With the bills piling up like notes in a dissonant chord and the orchestra on the brink of collapse, Lund resigned.

THE MUSICIANS banded together to help with fundraising, one even collecting $1,000 by going door to door. The group managed to pull itself together for another season, and replaced Lund with Stephanie Dreisbach, a singer with management experience who had often soloed with the orchestra.

"She seemed like a solid candidate, and we expected good things to immediately start happening," said Stevens, who joined the board of directors as orchestra liaison at the beginning of the 2000-01 season.

Dreisbach recruited to the board several people, including businessmen and former professional musicians, she believed could be adept fund-raisers and improve the organization's credibility with donors and funding agencies.

"We're in the process of not rebuilding the organization but just building the organization, because it was never on completely solid footing," Dreisbach said in early June. "I felt like Nancy Drew, trying to figure out what had gone on here before."

But Dreisbach soon started to hit some sour notes in the opinion of some Catalina old-timers like Stevens, who objected to her tendency to downplay grant writing.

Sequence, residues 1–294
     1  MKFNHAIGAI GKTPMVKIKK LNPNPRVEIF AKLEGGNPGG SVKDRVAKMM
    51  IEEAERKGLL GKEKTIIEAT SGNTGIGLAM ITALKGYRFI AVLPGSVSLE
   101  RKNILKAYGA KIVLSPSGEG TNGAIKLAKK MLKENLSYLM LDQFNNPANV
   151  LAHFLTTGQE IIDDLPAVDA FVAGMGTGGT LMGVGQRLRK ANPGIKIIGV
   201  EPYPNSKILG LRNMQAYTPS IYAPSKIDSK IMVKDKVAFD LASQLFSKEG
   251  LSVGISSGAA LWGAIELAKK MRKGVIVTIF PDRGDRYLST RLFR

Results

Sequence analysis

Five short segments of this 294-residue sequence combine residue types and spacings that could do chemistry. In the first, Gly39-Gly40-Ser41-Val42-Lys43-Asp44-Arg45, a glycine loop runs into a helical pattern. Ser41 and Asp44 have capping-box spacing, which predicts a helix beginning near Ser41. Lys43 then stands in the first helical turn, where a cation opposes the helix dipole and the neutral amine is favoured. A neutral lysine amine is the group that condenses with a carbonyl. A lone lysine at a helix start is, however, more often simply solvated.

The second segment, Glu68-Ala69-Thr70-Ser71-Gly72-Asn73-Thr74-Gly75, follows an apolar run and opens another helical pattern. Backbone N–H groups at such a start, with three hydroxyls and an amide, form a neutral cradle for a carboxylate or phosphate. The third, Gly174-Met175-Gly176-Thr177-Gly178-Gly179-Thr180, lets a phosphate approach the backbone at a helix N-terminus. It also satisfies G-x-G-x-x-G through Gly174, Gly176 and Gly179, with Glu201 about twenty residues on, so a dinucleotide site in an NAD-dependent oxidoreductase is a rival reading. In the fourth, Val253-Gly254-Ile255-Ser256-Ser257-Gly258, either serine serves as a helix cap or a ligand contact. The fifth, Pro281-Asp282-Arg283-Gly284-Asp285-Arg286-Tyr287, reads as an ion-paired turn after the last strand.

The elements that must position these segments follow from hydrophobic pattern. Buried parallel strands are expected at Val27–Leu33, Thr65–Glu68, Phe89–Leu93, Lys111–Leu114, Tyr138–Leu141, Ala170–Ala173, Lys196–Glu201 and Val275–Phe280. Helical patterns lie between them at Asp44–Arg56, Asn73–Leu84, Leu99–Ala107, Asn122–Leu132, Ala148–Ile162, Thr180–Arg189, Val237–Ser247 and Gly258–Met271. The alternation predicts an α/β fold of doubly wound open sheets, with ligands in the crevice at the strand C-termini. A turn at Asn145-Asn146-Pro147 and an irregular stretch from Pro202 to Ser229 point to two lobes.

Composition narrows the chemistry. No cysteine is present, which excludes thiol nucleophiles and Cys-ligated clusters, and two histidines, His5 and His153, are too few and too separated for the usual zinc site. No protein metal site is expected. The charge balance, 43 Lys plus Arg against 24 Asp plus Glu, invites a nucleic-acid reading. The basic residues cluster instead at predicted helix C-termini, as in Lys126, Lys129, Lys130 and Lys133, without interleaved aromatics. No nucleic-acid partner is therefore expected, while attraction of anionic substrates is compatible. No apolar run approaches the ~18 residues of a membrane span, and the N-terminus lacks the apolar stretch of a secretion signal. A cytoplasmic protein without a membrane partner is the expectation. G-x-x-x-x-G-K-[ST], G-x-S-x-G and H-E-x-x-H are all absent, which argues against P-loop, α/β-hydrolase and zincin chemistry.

"The organization has subsisted primarily on government grants in the past, and that's not a good, solid way to run the show," Dreisbach said. "The rule of thumb is that the revenue you get from government and corporate grants should not exceed 30 percent; the rest should come from board donations, individual donations, ticket sales and contract programming for the orchestra, which we plan to do a lot of in the coming season. The thing with especially the governmental grants and a lot of the other granting organizations is that they're matching grants; they're from helping agencies that want to see that money is coming in from other places, too."

Dreisbach also felt that the token payment to musicians--about $100 per concert cycle--was insulting. "There are really good players in this orchestra, and you have to make sure you have the funding in place to pay people, and then you need to pay them well--you need to pay them what they're worth."

Her emphasis on scaling back on grant writing and honoraria until she and the board could get a solid, community-based budget in place alarmed many people associated with the orchestra, who feared Dreisbach might turn the semi-pro Catalina Chamber Orchestra into an amateur band that would just saw through conventional programming.